Fundamentals of engineering mechanics and of computer engineering are presented, and designs involving both are carried out by student teams, starting with performance specification formulated by the instructor, and culminating in a set of fabrication drawings and specifications prepared by student teams. Prerequisite: Engineering 1114. Lecture, 2 hours; laboratory, 3 hours.
Introduction to the use of engineering computational tools, as well as a review of basic vector and matrix operations. A
major component of this course is the design and implementation of MatLAB programs. Prerequisites: Engineering 1123 with a minimum of “C” (or equivalent) and satisfaction of Information Technology Proficiency requirement. Lecture, 3 hours.
Partial differential equations, vector calculus, Fourier analysis, orthogonal functions, elementary matrices, applications of complex variables, Cauchy theorem, residues, and infinite series. Prerequisites: Mathematics 3133. Lecture, 3 hours.
Classical feedback control systems for continuous time systems. Block diagrams and performance and stability criteria. Root locus, frequency methods, and state space approach. Prerequisites: Electrical and Computer Engineering 2013 or 2214, Mechanical Engineering 2013 or 2123, Mathematics 3133. Lecture, 3 hours.
This course is intended to equip the student with a basic understanding of project management techniques, including work breakdown structures, scheduling, and resource management. It will also incorporate topics related to environment, reliability, and safety. As part of this course, the students will develop the proposal and concept for the project to be completed during Interdisciplinary Design Project. Corequisite: Mechanical Engineering 3812 or Electrical and Computer Engineering 4823, lecture/lab/recitation; 3 hrs, Credit 2.
A major, realistic design experience based on the knowledge and skills acquired in prior and concurrent course work, and requiring teamwork involving more than one discipline. The project begins with a performance specification formulated by the instructor. The student team must carry out the design, generate professional design documentation, including fabrication and test drawings and specifications, and produce and test a prototype product. Prerequisite: Engineering 4942 or consent of instructor. Laboratory, 9 hours.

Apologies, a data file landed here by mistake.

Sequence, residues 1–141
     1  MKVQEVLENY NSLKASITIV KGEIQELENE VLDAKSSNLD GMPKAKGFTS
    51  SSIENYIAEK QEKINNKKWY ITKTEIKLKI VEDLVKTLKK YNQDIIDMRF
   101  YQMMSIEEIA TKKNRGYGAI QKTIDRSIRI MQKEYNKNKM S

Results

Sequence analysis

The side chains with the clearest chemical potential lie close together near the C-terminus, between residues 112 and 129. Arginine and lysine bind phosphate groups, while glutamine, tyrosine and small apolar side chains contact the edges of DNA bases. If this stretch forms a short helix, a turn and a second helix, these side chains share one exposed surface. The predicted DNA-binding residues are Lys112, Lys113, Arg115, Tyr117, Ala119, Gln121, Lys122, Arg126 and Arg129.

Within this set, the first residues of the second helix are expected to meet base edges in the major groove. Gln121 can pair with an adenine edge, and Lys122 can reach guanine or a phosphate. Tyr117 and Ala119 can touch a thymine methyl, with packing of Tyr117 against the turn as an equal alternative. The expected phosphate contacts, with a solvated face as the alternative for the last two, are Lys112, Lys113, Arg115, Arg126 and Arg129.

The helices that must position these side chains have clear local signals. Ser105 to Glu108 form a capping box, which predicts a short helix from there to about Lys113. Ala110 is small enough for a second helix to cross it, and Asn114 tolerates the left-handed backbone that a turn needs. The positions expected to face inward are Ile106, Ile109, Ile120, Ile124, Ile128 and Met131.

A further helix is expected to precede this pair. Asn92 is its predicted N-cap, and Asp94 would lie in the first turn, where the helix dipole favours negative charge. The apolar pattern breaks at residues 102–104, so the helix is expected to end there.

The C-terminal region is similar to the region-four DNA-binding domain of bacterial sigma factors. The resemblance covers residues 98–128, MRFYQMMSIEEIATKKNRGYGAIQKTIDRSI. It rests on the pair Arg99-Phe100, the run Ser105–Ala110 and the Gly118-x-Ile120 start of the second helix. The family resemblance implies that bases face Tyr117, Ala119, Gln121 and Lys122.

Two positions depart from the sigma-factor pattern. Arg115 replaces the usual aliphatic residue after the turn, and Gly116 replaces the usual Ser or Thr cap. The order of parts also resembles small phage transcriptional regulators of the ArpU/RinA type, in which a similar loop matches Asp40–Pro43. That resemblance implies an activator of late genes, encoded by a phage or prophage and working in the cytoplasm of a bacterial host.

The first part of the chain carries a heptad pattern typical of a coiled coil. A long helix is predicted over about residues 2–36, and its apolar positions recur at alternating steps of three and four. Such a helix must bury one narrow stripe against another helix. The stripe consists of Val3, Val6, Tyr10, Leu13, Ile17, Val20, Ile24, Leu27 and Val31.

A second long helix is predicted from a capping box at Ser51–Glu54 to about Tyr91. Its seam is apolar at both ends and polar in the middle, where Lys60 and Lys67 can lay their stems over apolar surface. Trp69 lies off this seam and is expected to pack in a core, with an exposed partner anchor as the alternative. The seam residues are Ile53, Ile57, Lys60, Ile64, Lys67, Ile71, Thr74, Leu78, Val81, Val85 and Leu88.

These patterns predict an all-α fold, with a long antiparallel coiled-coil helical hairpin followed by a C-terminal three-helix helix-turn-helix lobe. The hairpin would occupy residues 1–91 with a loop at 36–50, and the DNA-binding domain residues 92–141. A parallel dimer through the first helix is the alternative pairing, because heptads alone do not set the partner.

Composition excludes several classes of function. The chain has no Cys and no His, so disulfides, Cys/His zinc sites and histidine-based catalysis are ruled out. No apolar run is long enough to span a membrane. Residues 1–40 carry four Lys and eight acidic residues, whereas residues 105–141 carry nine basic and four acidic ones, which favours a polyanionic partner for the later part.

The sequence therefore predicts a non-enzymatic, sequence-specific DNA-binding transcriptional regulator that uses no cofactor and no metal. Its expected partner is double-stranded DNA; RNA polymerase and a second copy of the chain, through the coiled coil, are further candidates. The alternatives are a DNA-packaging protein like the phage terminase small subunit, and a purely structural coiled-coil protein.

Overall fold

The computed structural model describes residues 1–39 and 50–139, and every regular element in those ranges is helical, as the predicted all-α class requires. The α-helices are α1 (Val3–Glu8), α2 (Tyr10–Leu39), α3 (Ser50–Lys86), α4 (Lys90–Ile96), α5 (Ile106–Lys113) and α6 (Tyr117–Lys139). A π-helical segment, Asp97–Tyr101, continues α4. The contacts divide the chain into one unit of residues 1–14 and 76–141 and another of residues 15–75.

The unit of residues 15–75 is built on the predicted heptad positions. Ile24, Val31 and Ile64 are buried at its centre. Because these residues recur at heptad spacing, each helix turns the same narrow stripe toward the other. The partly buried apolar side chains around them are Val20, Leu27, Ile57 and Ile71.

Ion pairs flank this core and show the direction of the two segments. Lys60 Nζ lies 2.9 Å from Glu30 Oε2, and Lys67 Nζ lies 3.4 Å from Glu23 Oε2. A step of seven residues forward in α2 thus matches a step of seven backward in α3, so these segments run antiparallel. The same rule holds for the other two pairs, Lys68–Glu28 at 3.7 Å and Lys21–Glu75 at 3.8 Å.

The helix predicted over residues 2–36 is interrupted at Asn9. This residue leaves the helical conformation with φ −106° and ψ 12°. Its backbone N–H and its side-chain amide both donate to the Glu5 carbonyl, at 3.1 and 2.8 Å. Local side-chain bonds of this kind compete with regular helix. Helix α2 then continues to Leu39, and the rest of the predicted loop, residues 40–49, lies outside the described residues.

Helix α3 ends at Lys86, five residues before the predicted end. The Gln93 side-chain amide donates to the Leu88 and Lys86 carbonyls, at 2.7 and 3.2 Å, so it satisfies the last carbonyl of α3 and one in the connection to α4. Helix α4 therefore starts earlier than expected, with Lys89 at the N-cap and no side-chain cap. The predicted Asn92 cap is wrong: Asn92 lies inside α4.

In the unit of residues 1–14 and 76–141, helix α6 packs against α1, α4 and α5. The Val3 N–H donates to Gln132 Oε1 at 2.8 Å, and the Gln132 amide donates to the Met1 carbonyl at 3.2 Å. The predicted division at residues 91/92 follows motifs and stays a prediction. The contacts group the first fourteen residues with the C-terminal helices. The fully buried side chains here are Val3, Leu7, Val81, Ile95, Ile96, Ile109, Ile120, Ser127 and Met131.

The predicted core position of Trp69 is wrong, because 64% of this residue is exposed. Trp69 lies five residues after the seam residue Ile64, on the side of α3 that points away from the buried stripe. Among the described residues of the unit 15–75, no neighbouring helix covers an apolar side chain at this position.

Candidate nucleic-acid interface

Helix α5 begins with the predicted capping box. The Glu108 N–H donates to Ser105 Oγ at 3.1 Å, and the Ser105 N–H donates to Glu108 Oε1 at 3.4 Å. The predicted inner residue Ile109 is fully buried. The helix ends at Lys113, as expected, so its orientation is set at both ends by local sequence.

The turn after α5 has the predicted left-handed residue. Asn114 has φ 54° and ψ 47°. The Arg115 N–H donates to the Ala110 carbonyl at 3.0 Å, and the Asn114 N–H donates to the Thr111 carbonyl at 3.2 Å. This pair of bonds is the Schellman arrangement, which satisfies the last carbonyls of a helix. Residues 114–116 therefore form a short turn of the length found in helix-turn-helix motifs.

A course intended to provide students with a broader view of the engineering profession in the context of society. This is an interdisciplinary course in which a variety of topics will be presented and discussed. Topics will include contemporary issues in engineering, ethics, social and professional responsibilities, life-long learning and selected technical topics. Corequisite: Engineering 4942 or consent of instructor. Seminar, 1 hour.
An examination of the philosophical and (implicit) theological framework undergirding the use and development of technology, as it particularly relates to the engineering sciences. The course will pay significant attention both to questions of “the good,”and to more concrete questions of application. The course will also have a component that requires students to become familiar with codes of professional ethics in their respective fields of study.
The ethical teachings of the Bible, including the basis and content of Christian ethics and an evaluation of modern challenges.
Basic economic principles in the context of modern society and business; scarcity and the allocation of resources, supply and
demand, the American economy, the global economy, market structures, and resource markets.